Asian stocks ended mostly higher on Friday as growing hopes of policy easing in China offset a weak lead from Wall Street.» Read More
"The banks' decision is further evidence that the unilateral actions by Japan is freezing bilateral relations and now starting to weigh on the world's economy," Xinhua cited Mei Xinyu, a researcher at the International Trade and Economic Cooperation Institution under China's Ministry of Commerce, as saying.
Mike Werner, Senior Equity Analyst (Chinese & HK Banks), Sanford C. Bernstein expects China's Big 4 banks to post Q2 ROEs between 18-20%. He says China's easing policies & slowing loan demand are hurting earnings.
Large cap Asian stocks such as banks and property developers in Hong Kong and Singapore have declined so much over the past 12 months that they are now paying their best dividends in years, traders say.
The massive financing needs of China's two biggest trading partners — the U.S. and Europe — could leave Beijing spoiled for choice as it plans to spend $560 billion in foreign investments over the next five years.
Chinese bank stocks fell on Thursday in Hong Kong after a report by Shanghai Securities News that new lending by China’s four biggest state-owned banks was flat in the first two weeks of May.
Banks around the world have been tapping investors for new funds as they struggle with slumping share prices and waning profits. But Chinese firms have maintained that their profit growth is strong and their balance sheets are solid, raising red flags among some analysts about the banks’ persistent capital needs. The NYT reports.
Breaking up China's biggest banks would be the "most aggressive reform measures" seen in post-1978 China, a Beijing-based economist told CNBC on Wednesday, adding that it was badly needed if growth in the world's second-biggest economy was to be sustained.
While China's ballooning local government debt has many investors steering clear of financial stocks, one equity analyst maintains that all banks are not made equal, and it's the smaller policy lenders, or banks tasked to finance economic and trade development projects, which are the weak links.
HSBC is expected to report the West's biggest banking profit for last year, fuelled by the East, while its rivals are struggling with faltering European and U.S. growth.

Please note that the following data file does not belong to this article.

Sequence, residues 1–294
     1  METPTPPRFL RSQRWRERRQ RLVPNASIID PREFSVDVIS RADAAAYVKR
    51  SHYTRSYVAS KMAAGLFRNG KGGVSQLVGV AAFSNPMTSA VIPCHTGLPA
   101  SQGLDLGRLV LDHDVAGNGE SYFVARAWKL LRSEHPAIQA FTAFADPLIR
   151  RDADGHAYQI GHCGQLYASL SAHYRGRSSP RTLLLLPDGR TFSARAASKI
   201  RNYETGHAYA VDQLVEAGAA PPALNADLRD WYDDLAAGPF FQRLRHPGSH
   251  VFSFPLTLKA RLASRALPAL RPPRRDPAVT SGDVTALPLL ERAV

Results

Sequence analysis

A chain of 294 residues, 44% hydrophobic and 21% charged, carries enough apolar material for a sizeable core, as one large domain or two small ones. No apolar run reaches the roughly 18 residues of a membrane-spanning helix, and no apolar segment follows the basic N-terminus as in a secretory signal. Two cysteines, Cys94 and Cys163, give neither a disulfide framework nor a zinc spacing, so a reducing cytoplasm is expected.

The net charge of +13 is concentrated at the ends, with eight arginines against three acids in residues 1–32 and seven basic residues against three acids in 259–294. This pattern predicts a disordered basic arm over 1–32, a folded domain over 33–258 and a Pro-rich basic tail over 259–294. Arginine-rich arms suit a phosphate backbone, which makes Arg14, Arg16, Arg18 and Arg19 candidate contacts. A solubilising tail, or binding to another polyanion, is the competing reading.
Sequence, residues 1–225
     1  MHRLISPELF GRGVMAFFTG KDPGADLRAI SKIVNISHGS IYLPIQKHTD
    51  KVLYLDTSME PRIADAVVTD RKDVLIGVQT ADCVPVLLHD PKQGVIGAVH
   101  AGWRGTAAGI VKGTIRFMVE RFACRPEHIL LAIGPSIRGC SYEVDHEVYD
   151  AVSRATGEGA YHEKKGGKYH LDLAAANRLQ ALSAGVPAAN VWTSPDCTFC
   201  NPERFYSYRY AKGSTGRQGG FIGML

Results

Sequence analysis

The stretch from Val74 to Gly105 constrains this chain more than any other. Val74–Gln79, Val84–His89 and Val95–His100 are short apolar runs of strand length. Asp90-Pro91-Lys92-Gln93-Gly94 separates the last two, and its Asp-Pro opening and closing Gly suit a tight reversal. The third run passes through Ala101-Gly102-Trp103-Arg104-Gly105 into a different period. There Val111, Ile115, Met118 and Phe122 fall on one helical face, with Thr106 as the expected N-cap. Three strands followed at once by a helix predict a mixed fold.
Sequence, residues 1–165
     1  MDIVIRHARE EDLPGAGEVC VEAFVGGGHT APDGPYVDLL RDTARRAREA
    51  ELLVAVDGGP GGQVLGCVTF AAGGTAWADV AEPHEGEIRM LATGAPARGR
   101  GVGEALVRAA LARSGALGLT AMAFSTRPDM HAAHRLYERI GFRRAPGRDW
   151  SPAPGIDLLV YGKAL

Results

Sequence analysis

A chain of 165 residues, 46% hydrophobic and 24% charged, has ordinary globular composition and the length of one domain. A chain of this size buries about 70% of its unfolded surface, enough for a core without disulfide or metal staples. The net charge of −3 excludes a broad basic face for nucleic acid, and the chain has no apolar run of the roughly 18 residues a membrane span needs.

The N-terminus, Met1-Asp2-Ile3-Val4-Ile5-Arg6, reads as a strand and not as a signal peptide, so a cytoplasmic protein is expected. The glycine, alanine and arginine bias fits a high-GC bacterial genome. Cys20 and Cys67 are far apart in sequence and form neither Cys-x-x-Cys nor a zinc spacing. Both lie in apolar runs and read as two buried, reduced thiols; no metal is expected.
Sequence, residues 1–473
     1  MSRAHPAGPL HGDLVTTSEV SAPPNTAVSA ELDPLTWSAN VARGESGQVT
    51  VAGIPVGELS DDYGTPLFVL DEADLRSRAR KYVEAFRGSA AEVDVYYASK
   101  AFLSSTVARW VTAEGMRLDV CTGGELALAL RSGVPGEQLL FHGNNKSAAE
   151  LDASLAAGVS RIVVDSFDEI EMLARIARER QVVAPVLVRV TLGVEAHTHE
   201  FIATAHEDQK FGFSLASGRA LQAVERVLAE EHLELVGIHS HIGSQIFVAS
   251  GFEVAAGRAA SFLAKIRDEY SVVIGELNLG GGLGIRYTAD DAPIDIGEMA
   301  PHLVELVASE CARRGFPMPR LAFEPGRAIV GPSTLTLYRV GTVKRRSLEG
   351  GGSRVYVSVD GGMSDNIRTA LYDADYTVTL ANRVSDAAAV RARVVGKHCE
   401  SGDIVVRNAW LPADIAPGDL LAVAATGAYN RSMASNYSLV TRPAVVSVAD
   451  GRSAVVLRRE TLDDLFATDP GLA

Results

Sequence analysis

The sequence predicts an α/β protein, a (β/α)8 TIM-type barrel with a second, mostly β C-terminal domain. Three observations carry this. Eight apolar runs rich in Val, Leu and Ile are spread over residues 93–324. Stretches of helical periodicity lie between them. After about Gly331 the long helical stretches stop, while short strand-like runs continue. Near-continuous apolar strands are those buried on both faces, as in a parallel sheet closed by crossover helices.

China Construction Bank is in talks to buy a bank in Brazil amid plans to open a subsidiary in Latin America’s biggest economy, according to officials and people familiar with the matter. The FT reports.
China's recent change to the way it calculates banks reserve requirement ratios (RRR), requiring lenders to set aside more funds on their margin deposits, will negatively impact smaller banks, a number of analysts said on Wednesday.
The Big Four Chinese banks' results for the first-half of 2011 showed their non-performing loans (NPLs) portfolio had either declined over the previous six months or stayed unchanged, but despite these encouraging signs, Daiwa Capital Markets expects things to worsen for the Big Four.
China’s banks have been putting aside more money to prepare for rising losses from loans to local governments. According to a recent report by China Construction Bank, mainland lenders have already put aside double their expected non-performing loans (NPLs) as reserves.
Asian markets rallied on Thursday on China’s better-than-expected GDP numbers reassuring investors that the world’s second-largest economy was not headed for a hard landing, but a number of strategists and fund managers are still preferring to play it safe, shunning cyclical stocks for defensive plays.
China bank stocks fell on Wednesday after Singapore sovereign wealth investor, Temasek, sold down part of its stakes in Bank of China and China Construction Bank. But some analysts say the move could be positive for the stocks and shows there is still plenty of demand for the sector from long-term investors.
Asian markets fell on Wednesday after China's central bank raised interest rates for the second time in just over six weeks to rein in stubbornly high inflation. Chinese property and resource counters remained under pressure.
1st paragraph of story should go here
Goldman Sachs wasn’t always planning to invest nearly a half-billion dollars in Facebook, according to people familiar with the matter.